It is hence worth noting that a vendor adding the words "cloud" or "as a Service" to the names of their products and services does not automatically mean that the vendor is selling cloud computing as per the NIST definition. Customers sharing resources is at the heart of cloud computing, and as such looks to be a potential area of concern regarding security. Let us now look at the infrastructure that actual cloud computing services utilize in order to clarify this.

2. Cloud Computing Infrastructure

Even based on the brief overview given so far, we can see some potential security pitfalls looming: sharing resources that are not in one's control with others is always likely to be a venture fraught with risks. In this section we look at the infrastructure that implements the concepts detailed previously in order to better grasp the intricacies of the possible security problems we might face.

2.1 Cloud Service Models

The amount of resources exposed over a network can depend on the type of service that a vendor is providing to its customers. Different services give rise to different security concerns, and may even lead to different parties being responsible for handling said concerns.

According to the NIST there are three main types of services that a given Cloud Service Provider (CSP) will offer [Jansen11] . These are:

Infrastructure as a Service (IaaS)

In this model, the vendor provides physical computer hardware, including data storage, CPU processing and network connectivity.The vendor may share their hardware among multiple Cloud Service Customers (CSC) by using virtualization software. IaaS allows customers to run, control and maintain operating systems and software applications of their choice, but the vendor typically controls and maintains the physical computer hardware. This leads to the customer being more responsible for handling their own data security with the vendor being more responsible for physical security, since they own and manage the physical devices being used as infrastructure. Examples of IaaS vendor services include GoGrid, Amazon Elastic Compute Cloud (EC2) and Rackspace Cloud.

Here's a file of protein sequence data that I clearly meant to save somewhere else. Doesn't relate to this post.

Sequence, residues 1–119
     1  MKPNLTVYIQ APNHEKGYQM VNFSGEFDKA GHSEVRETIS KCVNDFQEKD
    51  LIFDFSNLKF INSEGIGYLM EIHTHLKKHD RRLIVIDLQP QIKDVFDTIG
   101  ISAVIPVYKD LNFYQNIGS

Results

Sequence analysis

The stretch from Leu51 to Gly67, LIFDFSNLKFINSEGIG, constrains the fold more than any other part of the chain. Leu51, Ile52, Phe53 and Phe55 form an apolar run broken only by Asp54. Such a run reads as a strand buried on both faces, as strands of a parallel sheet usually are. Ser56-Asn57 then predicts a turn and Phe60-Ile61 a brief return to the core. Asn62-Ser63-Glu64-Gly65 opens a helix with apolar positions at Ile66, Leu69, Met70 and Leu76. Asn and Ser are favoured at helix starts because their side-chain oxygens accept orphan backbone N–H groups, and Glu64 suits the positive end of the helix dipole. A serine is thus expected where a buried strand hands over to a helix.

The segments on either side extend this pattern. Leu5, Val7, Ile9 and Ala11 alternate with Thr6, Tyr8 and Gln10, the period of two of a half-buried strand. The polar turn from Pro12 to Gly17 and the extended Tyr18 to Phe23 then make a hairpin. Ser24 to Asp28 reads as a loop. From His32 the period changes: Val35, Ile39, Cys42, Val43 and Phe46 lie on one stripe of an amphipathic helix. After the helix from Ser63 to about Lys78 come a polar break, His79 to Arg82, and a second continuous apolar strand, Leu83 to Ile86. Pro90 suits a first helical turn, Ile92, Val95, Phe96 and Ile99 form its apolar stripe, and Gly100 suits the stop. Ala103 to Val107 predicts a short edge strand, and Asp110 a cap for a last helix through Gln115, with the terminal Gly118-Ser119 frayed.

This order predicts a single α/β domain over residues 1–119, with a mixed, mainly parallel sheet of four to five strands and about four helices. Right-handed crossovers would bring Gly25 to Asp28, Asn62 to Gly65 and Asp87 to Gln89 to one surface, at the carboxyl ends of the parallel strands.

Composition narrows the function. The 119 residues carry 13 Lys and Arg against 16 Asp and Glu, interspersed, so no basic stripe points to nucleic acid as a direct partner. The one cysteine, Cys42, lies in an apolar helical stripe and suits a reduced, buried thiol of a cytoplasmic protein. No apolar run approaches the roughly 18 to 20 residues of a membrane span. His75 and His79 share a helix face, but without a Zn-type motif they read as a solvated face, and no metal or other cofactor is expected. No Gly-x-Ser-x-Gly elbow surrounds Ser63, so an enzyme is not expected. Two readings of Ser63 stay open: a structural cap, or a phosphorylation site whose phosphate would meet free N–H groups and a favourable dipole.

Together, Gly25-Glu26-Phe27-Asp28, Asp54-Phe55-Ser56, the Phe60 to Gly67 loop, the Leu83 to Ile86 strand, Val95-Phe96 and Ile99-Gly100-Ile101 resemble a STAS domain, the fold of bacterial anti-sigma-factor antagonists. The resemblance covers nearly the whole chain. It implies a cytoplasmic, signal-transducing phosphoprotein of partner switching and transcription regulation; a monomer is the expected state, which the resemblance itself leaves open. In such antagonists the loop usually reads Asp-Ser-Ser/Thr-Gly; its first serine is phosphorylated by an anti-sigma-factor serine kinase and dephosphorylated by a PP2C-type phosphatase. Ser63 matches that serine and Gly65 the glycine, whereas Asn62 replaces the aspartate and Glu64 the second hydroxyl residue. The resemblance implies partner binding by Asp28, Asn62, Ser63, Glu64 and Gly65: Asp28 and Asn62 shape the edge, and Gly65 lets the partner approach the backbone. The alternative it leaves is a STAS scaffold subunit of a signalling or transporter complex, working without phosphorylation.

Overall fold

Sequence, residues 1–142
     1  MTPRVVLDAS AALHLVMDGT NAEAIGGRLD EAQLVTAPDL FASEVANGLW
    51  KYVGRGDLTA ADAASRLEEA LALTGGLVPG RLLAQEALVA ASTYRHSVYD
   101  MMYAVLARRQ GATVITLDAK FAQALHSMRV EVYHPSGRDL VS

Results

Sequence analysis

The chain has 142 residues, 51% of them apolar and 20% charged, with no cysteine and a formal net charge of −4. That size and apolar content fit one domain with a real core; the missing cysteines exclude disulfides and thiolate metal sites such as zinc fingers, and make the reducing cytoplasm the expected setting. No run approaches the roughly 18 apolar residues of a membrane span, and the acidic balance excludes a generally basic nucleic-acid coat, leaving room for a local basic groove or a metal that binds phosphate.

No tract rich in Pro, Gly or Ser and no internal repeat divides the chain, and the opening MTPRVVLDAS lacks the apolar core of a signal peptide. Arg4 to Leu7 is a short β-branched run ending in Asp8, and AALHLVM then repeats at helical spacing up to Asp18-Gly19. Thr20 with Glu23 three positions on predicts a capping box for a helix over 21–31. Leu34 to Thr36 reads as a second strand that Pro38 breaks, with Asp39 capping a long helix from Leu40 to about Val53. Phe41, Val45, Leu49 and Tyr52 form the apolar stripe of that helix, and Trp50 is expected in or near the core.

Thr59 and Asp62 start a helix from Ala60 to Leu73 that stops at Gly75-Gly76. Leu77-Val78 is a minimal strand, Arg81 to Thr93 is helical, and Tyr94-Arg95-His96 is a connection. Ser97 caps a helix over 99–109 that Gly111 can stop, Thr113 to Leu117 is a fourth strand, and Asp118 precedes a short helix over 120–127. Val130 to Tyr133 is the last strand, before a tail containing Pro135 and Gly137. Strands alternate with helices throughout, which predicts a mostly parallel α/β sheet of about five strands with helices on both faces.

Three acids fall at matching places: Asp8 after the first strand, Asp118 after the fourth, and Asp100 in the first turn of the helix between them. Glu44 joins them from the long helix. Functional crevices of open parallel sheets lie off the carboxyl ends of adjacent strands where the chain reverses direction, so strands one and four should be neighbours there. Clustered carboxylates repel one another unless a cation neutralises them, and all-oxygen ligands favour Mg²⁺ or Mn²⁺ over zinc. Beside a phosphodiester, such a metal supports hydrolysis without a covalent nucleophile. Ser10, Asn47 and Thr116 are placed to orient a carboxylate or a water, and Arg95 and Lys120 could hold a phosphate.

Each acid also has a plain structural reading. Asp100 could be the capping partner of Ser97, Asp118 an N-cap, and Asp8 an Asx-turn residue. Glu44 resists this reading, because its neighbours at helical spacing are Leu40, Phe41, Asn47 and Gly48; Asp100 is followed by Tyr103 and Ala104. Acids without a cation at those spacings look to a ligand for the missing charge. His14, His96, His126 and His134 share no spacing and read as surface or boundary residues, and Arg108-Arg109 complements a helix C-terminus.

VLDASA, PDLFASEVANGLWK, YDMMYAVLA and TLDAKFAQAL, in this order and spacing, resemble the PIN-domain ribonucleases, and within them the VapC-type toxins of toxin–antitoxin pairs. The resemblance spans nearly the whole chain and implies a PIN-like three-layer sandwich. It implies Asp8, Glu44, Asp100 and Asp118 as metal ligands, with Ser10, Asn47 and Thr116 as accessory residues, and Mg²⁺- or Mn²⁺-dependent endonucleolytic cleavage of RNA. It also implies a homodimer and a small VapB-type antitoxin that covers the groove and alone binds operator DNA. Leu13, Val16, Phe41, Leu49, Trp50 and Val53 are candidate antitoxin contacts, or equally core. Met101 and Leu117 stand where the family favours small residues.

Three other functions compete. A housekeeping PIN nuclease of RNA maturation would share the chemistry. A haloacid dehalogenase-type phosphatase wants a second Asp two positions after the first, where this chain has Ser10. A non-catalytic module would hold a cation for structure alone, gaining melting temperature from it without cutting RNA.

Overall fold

Platform as a Service (PaaS)

In this model, the vendor provides not only Infrastructure as a Service, but also the operating systems and server applications that their customers use. PaaS lets customers use the vendor's cloud infrastructure to deploy user made web applications/software. Typically the vendor controls and maintains the physical computer hardware, operating systems and server applications while the customer only controls and maintains their developed software applications. Customers would therefore be mainly responsible for any security exploits that could target their applications, while the vendor is not only responsible for physical security, but also for any security exploits that could target network connections, data storage and data access. Examples of PaaS vendor services include Google App Engine, Force.com, Amazon Web Services Elastic Beanstalk, and the Microsoft Windows Azure platform.

Software as a Service (SaaS)

In this model, the vendor provides customers with software applications using their cloud infrastructure and cloud platforms. These end user applications are typically accessed by users via web browser, as such there is no need to install or maintain additional software. The vendor typically controls and maintains the physical computer hardware, operating systems and software applications while the customer only controls and maintains certain application configuration settings specific to them. The vendor is mainly responsible for ensuring all forms of security in this service. Examples of SaaS vendor services include Google Docs, Google Gmail and Microsoft Office 365.

From this subsection, it is fairly clear by now that the level of responsibility shared between CSPs and CSPs differs based on the service model being employed.